Just days before 9-month-old Karlie Mellick was fatally battered at her Fairdale home, her mother, Kara Mellick, four day-care workers and a physician all noticed the infant’s bruises.
Yet no one reported the marks, even on her face and ear, which experts say are a key warning sign of abuse.
On June 11, Karlie died. She had suffered a severe head injury, a broken arm and leg and fractured ribs.
Her mother’s boyfriend, Matthew Vaughn, who was babysitting, told police that he shook the baby and slammed her repeatedly on the floor, according to court records. Vaughn, 21, who is charged with murder, has pleaded not guilty.
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Karlie’s violent death might have been prevented if just one person had recognized the bruises as warning signs and reported them to child-protection authorities, said Dr. Melissa Currie, a University of Louisville forensic pediatric expert.
“It’s a perfect example of what we’re talking about,” said Currie, director of a UofL unit created to evaluate children for possible abuse.
Karlie’s bruises before her death were “red flag” signs of abuse — especially those on the ear, which is mostly cartilage and rarely bruises unless it has been subjected to a forceful blow, Currie and other child-abuse experts said.
“Medical studies have shown that a child with a bruise on the ear is at higher risk of becoming a fatality,” said Debbie Acker, a nurse with the Cabinet for Health and Family Services who trains workers to recognize medical evidence of child abuse and neglect. “The force that it takes to cause a bruise to the ear also can cause damage to a child’s brain.”
State officials and child abuse experts believe many deaths could be averted if people who come in contact with young children understood that bruises — especially to the face, ear and trunk —should be reported as signs of possible abuse.
Currie, who evaluated Karlie’s case for police, outlined those concerns in a letter in Vaughn’s court file.
“It is unfortunate that her previous bruising did not result in a CPS (state Child Protective Service) report and a complete medical evaluation for abuse,” Currie wrote in the letter, also signed by Kathy Recktenwald, a forensic nurse specialist at UofL. “To be clear, it is not normal for infants to have bruises.”
Matthew Vaughn, 21, is charged with murder in the death of Katie Mellick, who was 9 months old when she was killed. He has pleaded not guilty.
A 2007 study of 20 Kentucky children under age 3 — 10 who died and another 10 who suffered life-threatening injuries from abuse — found 90 percent had bruising that in many cases had been documented by a doctor or an official, such as a social worker. But in those cases no one had followed up on or questioned the cause of the bruising.
Dr. Mary Clyde Pierce, the former UofL professor who led the study, said bruising should be taken seriously, especially in very young children.
“It is the most common sign of abuse and the most likely to be overlooked,” said Pierce, who is now an associate professor of pediatrics at Northwestern University in Chicago, specializing in child-abuse research.
While more aggressive reporting might result in some unnecessary investigations, Currie said she believes many more instances of abuse would be substantiated. A report also would allow a social worker to make inquiries and investigate further if a parent or other caregiver’s explanation didn’t make sense.
A report to authorities also might help identify abuse that a parent isn’t aware of, Currie said. Sometimes, inquiries reveal that someone else — a baby sitter or relative, for example — is harming a child when the parent isn’t around and is unaware of the abuse, she said.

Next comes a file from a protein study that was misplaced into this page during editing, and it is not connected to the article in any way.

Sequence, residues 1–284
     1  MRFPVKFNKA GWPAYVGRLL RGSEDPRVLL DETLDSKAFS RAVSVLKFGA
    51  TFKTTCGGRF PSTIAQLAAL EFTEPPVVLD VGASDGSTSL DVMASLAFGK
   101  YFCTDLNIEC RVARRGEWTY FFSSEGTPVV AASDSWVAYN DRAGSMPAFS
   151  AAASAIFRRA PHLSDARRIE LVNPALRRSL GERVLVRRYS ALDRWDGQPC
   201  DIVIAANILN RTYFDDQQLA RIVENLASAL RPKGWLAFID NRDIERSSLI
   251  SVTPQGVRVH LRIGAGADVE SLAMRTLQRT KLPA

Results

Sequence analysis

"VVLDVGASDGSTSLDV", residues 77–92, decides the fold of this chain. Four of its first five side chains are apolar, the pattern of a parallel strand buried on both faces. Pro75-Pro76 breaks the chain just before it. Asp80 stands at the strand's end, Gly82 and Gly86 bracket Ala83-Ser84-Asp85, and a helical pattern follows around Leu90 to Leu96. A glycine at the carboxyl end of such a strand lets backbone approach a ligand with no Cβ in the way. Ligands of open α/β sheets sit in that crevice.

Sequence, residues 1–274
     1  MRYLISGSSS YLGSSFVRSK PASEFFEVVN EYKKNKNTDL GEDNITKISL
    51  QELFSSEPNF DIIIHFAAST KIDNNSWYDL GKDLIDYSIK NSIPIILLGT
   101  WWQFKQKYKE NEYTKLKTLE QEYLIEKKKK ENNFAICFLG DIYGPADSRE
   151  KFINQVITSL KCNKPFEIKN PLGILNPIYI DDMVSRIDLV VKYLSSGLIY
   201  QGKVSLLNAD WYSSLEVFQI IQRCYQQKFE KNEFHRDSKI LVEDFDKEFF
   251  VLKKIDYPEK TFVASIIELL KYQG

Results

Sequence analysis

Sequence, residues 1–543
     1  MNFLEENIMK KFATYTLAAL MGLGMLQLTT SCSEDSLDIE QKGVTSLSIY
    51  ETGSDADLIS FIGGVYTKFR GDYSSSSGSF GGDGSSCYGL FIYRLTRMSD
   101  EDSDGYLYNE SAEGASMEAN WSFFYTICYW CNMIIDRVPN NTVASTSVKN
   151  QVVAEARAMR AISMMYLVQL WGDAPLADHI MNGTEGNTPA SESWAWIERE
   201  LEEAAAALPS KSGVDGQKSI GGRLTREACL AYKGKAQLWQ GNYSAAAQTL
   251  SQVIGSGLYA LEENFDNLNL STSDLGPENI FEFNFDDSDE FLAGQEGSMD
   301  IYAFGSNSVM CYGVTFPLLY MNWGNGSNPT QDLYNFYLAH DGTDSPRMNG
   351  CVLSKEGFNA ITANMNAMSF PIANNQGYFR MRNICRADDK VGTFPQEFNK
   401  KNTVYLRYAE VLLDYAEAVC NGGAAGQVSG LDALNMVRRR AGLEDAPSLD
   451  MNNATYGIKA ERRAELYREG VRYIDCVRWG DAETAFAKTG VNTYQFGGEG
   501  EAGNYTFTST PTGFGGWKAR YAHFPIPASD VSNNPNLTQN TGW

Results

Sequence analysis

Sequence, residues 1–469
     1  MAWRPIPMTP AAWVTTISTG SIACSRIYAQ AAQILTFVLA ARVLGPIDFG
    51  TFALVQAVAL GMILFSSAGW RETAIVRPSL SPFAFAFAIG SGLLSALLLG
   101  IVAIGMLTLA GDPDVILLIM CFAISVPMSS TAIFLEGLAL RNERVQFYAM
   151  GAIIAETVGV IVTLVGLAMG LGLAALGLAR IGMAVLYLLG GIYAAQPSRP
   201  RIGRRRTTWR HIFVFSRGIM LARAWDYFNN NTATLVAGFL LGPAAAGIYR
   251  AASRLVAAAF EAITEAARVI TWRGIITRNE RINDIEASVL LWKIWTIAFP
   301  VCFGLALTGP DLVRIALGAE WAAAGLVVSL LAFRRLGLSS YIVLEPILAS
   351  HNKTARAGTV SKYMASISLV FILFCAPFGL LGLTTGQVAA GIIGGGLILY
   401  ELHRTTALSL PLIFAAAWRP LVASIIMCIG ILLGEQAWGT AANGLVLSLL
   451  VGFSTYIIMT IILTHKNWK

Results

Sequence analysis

Currie said she once treated an infant with an abusive head injury who arrived at the Kosair Children’s Hospital emergency room still wearing a cast for a previously broken leg, an injury that should have been questioned at the time and reported as possible abuse. Broken legs, especially in children too young to walk, are always suspicious, she said.
In Karlie’s case, her mother told police that she first noticed some bruising on her daughter’s left ear on May 24, when she took her to a doctor for an ear infection. The doctor said it might be a “circulation issue” and prescribed an antibiotic for the infection, Kara Mellick told police. During the next two weeks, four workers at Karlie’s day-care center noticed, and pointed out to her mother, bruises on the infant’s face, ear and hip, the workers said in police interviews.
One of them later told police she began documenting the bruises, starting June 1, because “the bruises had continued and were becoming worse,” the police report said. “She felt the bruises were no longer ordinary, especially the bruising on the victim’s ear.”
Kara Mellick told the day-care workers she was planning to take Karlie to the doctor to find out why she was getting so many bruises, they told police. Mellick told police she had noticed bruises on her daughter’s ear, jaw, arms, side and hip in the days before her death and had wondered whether the baby might be getting injured at the day-care center.
On Sunday, June 7, the day Karlie suffered the injuries that would prove fatal, Kara Mellick left for her job at Six Flags Kentucky Kingdom about 8:30 a.m., leaving her sleeping infant with her boyfriend, she told police.
Later that day, according to court records, Vaughn e-mailed Mellick: “The baby is making me crazy b/c every time I walk out of the room she starts crying just because she don’t see me.”
Mellick e-mailed him back: “I am sorry just be patient with her.”
Around 3:30 p.m. Vaughn called Mellick and told her to come home immediately because Karlie was unconscious, the police report said. Mellick arrived just in time to ride in the ambulance with her daughter to Kosair.
Karlie died four days later.